Nottinghamshire Flutterings 26/07/2017 DGF

Nottinghamshire Flutterings 26/07/2017 –  DGF

Richard Penson has seen our first (and only, so far) Dark Green Fritillary at Annesley Pit on 14th July.

Richard visited Annesley Pit area on 14th July and was “was pleasantly surprised by the butterflies I found. The slope leading up to the Lower Lake was especially productive, the highlight being a single dark-green fritillary but also marbled white, meadow browns, Essex skippers, small skipper, common blue, ringlets, gatekeepers, large skipper, red admirals, small tortoiseshell, large whites, green-veined white and small whites.”

Three days later, on the 17th, Richard visited Cotgrave Forest “It was another revelation! 2 female purple emperors, both egg-laying in tall sallow bushes about 100 yards apart, 9 purple hairstreaks, 30+ commas, 20+ red admirals, 30+ green-veined whites, 2 silver-washed fritillaries (male and female but not together), 5 ringlets, 40+ meadow browns, 2 large skippers, 1 small skipper. Rather surprisingly not a single speckled wood – maybe between broods. The commas and admirals were attracted to dog and horse faeces, to the extent where they were obscured by butterflies – the female purple emperors had totally ignored them as also had a few males that had been seen earlier in the day by other observers I talked to.”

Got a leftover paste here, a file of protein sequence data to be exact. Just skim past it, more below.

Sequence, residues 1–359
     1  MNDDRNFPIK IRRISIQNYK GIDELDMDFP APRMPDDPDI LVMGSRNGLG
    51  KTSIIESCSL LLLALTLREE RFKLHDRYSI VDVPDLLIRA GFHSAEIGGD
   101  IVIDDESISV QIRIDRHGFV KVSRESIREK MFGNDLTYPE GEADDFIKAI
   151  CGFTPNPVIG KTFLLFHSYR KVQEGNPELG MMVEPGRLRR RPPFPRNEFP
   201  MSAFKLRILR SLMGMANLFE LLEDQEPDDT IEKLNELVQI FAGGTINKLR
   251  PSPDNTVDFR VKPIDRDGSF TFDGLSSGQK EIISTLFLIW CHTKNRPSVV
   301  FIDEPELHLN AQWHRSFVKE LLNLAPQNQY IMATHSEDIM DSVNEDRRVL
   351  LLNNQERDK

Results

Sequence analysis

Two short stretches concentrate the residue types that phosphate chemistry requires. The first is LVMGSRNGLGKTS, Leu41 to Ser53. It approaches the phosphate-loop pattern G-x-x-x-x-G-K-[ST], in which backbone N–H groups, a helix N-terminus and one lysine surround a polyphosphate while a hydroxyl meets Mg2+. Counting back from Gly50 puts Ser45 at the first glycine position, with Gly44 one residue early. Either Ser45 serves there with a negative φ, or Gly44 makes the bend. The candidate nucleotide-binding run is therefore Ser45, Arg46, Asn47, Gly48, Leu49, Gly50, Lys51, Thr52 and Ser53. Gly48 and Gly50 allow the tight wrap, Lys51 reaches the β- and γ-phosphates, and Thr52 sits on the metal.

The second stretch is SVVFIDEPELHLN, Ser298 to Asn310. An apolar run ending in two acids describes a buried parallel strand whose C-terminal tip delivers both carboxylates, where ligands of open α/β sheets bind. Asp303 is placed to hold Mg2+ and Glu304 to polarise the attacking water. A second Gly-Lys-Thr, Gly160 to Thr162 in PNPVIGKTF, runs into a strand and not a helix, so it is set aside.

Richard continues “Our own mini Fermyn Woods! Alas without the white admirals, I couldn’t find a single scrap of honeysuckle. I have some observations on the two purple emperors (empresses) who seemed to alternate imbibing mineral salts between bouts of egg laying which I will write for the Autumn newsletter. This is alluded to in the book Notes and Views on the Purple Emperor as an interesting “aside” but without any in-depth discussion.”


Toni Lachetta comments on last week at Sandy Banks in Bestwood “As I predicted gatekeepers are doing well. What I did not expect was the number of common blues and small coppers that would appear this year. Up to now they have never been many sighting of them.”


Phil Lee noted yesterday “2 Silver-washed Fritillary in Eaton Wood near Retford one of which was of the form Valezina, the first one we have come across. It was too quick for us to get a photo.”


Also yesterday Brian Johnson had this to tell us “This afternoon (25 July) the sun came out so I went down to Cotgrave Wood for a couple of hours to see what was flying. PHS (7) were seen high in the oak and ash trees. WLH (4) were nectaring on brambles, all showing signs of year and tear (see attached photos) as their season is nearing the end. No signs of PE’s or SWF’s. Gatekeepers (19) being the highest count of the 13 species recorded during the visit.”


Across in Derbyshire at the Hoe Grange Quarry reserve opening on Sunday 23rd, Ken Orpe reports in his most informative Derbyshire Update that an amazing 19 butterfly species were noted: Small Skipper; Essex Skipper; Large Skipper; Large White; Small White; Green Veined White; Small Copper; Brown Argus (PDR); Common Blue; Red Admiral; Painted Lady; Small Tortoiseshell; Peacock; Comma; Dark Green Fritillary; Gatekeeper; Meadow Brown; Ringlet; Small Heath. Impressed or what?



Posted in Nottinghamshire Flutterings.